I met Billy Graham when I was a theology student at Oxford. The Christian Union — an evangelical student group — invited the famous evangelist to preach a university mission, and all clergy, theologians and theology students were invited to a special meeting to hear the great man speak and take questions.

The atmosphere among the theologians and students was, as you might expect, a mixture of snobbish anti-Americanism, rakish disregard, snide liberalism and giggling excitement. “Do we really need to be preached at by a backwoods American fundamentalist?” or “I’m trying very hard to be open minded.”

I was therefore nervous and fascinated to hear how Graham would handle his audience of sophisticated and stuck-up sinners. He mounted the platform, took a long silent look — the kind Clint Eastwood takes when weighing up the bad guy — then smiled his handsome smile and began. 

After thanking everyone for the kind invitation he said, “This is my first time to your beautiful and ancient city and I must admit I feel a bit like Paul preaching in Athens. He was just an ordinary tent maker, but there he was preaching the gospel of our Lord Jesus Christ to the greatest philosophers and thinkers of his day.”

It was a charm offensive and it worked. It showed one of the most amazing qualities of the man. Channeling St. Paul who said, “I am all things to all men so that I might win some,” Graham was equally winsome. He had a genuine ability to connect with everyone, overcome the dubious, listen to the critic and win over the wicked.

Being nostalgic, I watched a video last evening of Graham preaching in Chicago in 1971. At the altar call he said, “If you’re Protestant, if you’re Catholic, if you’re Jewish, you still need to meet Jesus. I want you to get up out of your seat and come forward.”

And they did. Hundreds of them were drawn to Jesus through the magnetism and gifts of the preacher boy from North Carolina.

The remarkable thing is that Graham, who died Feb. 21 at the age of 99, was able to speak across all denominational and faith lines, but without the wishy-washy compromise we have come to accept with mainstream ecumenism. This is because he unashamedly and powerfully kept to his main message: the cross of Christ. 

Again like St. Paul, Graham could claim, “We preach Christ and him crucified.” What struck me about his sermon in Chicago was that he focused on sin and the saving crucifixion. The message was plain, direct and powerful: “Jesus died to save you from your sin. Come and accept his love and turn your life around and head toward heaven.”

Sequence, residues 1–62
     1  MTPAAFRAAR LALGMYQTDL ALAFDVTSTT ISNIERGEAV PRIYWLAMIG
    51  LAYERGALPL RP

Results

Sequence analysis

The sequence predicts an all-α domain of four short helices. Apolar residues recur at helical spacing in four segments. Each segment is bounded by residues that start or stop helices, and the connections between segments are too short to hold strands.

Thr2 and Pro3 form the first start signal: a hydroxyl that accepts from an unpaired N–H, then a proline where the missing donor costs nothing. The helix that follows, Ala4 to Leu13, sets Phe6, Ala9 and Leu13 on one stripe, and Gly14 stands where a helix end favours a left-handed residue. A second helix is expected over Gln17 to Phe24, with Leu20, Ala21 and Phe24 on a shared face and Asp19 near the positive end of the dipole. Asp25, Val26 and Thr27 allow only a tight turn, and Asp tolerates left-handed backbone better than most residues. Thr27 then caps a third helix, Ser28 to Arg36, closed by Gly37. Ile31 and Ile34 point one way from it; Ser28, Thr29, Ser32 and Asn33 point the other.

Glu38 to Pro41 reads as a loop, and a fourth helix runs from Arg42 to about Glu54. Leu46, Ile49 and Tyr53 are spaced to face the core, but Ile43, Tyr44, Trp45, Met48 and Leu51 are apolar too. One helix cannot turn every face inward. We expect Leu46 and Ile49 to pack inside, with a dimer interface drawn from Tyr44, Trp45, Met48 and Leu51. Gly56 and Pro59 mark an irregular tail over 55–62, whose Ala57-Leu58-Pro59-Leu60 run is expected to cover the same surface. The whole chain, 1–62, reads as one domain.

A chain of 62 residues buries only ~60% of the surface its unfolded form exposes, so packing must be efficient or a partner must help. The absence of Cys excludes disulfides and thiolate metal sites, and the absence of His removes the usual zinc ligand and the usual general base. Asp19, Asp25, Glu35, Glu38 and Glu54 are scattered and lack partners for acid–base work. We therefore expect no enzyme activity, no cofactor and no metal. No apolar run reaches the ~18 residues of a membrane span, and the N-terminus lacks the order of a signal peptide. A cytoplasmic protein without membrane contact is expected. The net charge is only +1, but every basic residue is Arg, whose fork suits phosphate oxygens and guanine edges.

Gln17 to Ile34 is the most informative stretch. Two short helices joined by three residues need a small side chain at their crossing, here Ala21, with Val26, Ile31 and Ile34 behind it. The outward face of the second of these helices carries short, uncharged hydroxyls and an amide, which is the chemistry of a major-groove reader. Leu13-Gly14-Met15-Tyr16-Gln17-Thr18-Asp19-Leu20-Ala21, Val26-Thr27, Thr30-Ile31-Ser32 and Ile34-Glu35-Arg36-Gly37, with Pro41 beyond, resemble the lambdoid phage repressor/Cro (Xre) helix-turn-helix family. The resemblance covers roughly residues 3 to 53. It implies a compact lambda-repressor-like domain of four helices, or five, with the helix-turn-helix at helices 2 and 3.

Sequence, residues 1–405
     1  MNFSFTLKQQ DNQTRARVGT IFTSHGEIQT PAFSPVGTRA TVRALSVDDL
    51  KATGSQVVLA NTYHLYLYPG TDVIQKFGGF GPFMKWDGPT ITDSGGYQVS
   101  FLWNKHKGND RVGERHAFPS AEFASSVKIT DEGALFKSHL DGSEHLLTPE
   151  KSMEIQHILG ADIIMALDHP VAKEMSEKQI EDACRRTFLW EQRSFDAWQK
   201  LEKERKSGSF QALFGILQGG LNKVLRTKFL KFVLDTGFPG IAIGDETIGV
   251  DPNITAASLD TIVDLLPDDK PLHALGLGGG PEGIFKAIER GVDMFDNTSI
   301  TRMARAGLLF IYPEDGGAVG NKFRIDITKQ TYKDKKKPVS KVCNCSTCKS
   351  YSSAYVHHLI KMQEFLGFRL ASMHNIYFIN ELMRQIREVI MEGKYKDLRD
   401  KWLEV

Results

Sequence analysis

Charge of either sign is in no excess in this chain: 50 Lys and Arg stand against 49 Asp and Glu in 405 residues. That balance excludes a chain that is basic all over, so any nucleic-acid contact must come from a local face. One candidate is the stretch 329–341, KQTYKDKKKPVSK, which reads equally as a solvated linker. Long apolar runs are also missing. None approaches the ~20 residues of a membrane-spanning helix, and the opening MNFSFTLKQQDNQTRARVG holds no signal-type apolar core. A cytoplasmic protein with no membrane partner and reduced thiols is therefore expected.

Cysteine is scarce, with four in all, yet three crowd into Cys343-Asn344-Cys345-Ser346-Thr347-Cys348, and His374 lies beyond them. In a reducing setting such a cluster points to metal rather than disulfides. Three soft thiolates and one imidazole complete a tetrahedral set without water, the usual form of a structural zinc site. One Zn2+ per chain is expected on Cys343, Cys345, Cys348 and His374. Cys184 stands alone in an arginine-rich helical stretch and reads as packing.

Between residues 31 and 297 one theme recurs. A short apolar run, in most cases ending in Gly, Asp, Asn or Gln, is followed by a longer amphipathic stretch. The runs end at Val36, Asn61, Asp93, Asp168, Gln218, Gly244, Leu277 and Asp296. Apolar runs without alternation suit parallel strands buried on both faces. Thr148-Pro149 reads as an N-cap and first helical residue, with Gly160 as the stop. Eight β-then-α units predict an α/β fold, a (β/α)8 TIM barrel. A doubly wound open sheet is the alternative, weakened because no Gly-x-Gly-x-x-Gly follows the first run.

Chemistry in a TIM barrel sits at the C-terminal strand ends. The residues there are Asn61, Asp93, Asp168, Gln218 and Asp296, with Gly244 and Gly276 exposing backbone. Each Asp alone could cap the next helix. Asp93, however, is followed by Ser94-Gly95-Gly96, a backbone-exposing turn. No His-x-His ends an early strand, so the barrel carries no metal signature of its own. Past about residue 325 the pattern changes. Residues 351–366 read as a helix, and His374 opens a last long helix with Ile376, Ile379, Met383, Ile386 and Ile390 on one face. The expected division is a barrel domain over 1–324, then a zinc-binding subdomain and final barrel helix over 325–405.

While this simple message connected naturally with his evangelical home team, how could it connect with sacramentally based Catholics?

Terry Mattingly of Get Religion records how Graham strove to reconcile this Protestant call to conversion to Catholic theology. Mattingly recalled an interview he had with Graham at which he asked about his outreach to Catholics:

“Graham said he was preparing for his 1986 Mission France Crusade and, well, he was concerned about how — in a culture rich in Catholic history — to deliver his altar calls. Thus, he brought the subject up while meeting with John Paul II.

“How did that go? Graham shared language close to the following, and I heard him use variations on this in the 1987 crusade in Denver's Mile High Stadium. As part of his call for people to come forward to make a public profession of Christian faith, he said: ‘Maybe you were baptized as an infant, but you feel like you've lost touch with those vows that were made long ago. Come forward and claim those baptism vows as your own.’

“The Graham team had Catholics, including a few priests, trained to help talk to Catholics who came forward. Dozens were referred to evangelism-friendly local Catholic parishes for follow-up classes and Bible studies.

“The Pope endorsed that language, Graham said. He appreciated the Graham team's desire to be sensitive to Catholic seekers.”

This is in perfect keeping with Catholic theology, and yet Graham never pretended to be a great theologian or a world-class ecumenist. He was a preacher of the gospel who sought to be all things to all men whereby he might win some.

He was castigated for this by fellow preachers. While I was a student at Bob Jones University, I remember Dr. Bob Jr. tossing Billy Graham on the scrap heap as “an apostate neo-evangelical who compromises with Catholics and liberals.” We should remember that St. Paul was likewise condemned for taking the gospel to the Gentiles.

The final quality that Graham maintained was absolute personal integrity. He was never in a room with a woman alone. All earnings were stashed in his charity — the Billy Graham Evangelistic Association and overseen by his trustees. He took a salary from the foundation and lived in the comfortable but modest family home, and eschewed all the usual trappings of fame and fortune so beloved by television preachers.

Pendulums swing back, and I would not be surprised if, in our divided, cynical and heretical age, that God might raise up a new Billy Graham — a man who would be empowered to preach the simple, timeless faith of a sinful humanity, a loving God and a Son who was faithful even to a sacrificial death.

Given the state of decay and disbelief it might seem improbable — impossible even.

But those who would hope for such a revival should not despair. With God all things are possible.

Father Dwight Longenecker is a priest of the Diocese of Charleston, South Carolina.